2022 has seen many exciting developments for global eye health. As a sector, we have come together to advocate for some powerful commitments.
The Vision for the Commonwealth Coalition successfully campaigned for a commitment at the Commonwealth Heads of Government Meeting. Building on the 2018 Commonwealth commitment, the 2022 Communique calls on all Commonwealth countries to “take a multi-pronged approach for access to screenings and affordable vision treatments, especially for children”.
The Vision for the Commonwealth’s work formed part of a broader global campaign on child eye health. In July, we took these messages to the United Nation’s Pre-Education Summit held at the UNESCO headquarters in Paris. We had chalkboards filled with blurry text, we put our messages in front of government and UN decision makers, and we garnered over 200 influential signatures for our cause. At the United Nations General Assembly Transforming Education Summit (TES), vision screenings were recognised as a “a cost-effective way to detect and correct impairments that may affect children’s ability to learn” and listed as a key recommendation to Member States under Action Track 1 for the TES.
In July, we successfully advocated for the inclusion of eye health in the UN Political Declaration of the High-Level Meeting on Improving Global Road Safety. This was significant as the Declaration recognises vision as a cross-cutting development issue and provides a strong basis for advocating for the inclusion of eye health across all global and national road safety policies.
We strengthened our relationships with UN Agencies – a key outcome of the UN Resolution Vision for Everyone. The International Labour Organization (ILO) are now working on a policy brief on eye health and the world of work. The brief, set to be launched next year, will provide a vital advocacy tool to persuade businesses and trade unions of the importance and benefits of supporting employee eye health.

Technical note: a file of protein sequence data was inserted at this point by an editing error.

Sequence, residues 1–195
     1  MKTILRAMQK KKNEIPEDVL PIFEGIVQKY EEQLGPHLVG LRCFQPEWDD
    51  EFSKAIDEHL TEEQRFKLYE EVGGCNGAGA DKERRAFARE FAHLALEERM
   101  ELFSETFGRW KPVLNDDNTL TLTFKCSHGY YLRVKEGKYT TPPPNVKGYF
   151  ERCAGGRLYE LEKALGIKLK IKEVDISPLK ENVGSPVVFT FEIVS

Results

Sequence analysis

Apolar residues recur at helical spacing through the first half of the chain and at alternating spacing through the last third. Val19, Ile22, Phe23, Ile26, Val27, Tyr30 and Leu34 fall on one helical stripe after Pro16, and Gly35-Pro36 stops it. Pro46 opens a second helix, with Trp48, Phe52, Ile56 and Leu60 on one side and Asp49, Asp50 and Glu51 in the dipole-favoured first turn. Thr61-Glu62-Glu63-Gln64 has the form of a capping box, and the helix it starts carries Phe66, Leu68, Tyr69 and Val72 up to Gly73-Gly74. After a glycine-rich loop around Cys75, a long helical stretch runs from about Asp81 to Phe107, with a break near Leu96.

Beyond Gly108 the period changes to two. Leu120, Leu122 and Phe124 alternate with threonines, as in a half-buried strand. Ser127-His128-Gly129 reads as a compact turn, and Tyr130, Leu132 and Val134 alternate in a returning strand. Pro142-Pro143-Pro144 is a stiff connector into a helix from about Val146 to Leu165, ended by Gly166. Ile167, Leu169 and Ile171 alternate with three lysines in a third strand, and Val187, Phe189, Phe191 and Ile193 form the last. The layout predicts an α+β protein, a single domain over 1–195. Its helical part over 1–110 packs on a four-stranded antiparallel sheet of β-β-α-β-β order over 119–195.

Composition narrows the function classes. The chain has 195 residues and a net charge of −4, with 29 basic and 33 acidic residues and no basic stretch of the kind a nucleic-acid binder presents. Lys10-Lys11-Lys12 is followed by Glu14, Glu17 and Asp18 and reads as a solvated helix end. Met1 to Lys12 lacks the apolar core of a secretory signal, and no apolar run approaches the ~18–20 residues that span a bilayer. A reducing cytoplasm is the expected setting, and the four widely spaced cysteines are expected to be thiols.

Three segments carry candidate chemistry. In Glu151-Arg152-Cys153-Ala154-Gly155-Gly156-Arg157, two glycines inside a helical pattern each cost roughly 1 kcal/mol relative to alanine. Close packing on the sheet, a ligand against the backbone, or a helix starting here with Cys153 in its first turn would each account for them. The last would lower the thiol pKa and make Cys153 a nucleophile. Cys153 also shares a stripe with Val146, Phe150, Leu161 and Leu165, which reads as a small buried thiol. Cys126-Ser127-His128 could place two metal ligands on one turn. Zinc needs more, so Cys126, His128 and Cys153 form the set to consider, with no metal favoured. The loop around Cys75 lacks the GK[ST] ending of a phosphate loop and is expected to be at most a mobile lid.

Finally, we have made great progress in our efforts to secure the appointment of a Special Envoy on Vision to serve as a global advocate on eye health and lead the implementation of the UN Resolution Vision for Everyone. Over 150 CEOs have signed our Letter of Support to the Secretary General – proving what a force we can be when we come together. Please join this important campaign if you haven’t already!
2022 was also a big year for the WHO’s programme of work with the launch of their much-anticipated Guide for Action, hosted by IAPB at the World Health Assembly in May, and the release of their Global Status Report, Myopia Ed Toolkit and the joint IAPB Tobacco Knowledge Summary.
The World Health Organization’s technical tools provide the foundation for the advancement of eye care at the regional and national level. We have seen some great examples of this already with the WHO Western Pacific and IAPB Regional Meeting in Singapore, the release of the WHO SEARO Regional Action Plan for IPEC implementation and 19 national policy dialogues across the world. But more work is needed to translate the global commitments made into national political will and action.
2023 is set to be a challenging year with world leaders facing a deepening economic crisis; a war in Ukraine and the multiplication of conflicts across the globe; worsening climate impacts; continuing Covid-19 recovery and growing inequities. The Sustainable Development Goals (SDGs) are at the heart of these challenges and the United Nation’s SDG Summit, marking the halfway point of the SDGs, must provide the roadmap for solutions. It is vital that improving the world’s eye health is one of those solutions.
Our sector’s most recent achievements have been the result of collective advocacy efforts. We should feel very proud of the progress that has been made. As we enter 2023, we must continue to work together to elevate eye health and increase national political will and action.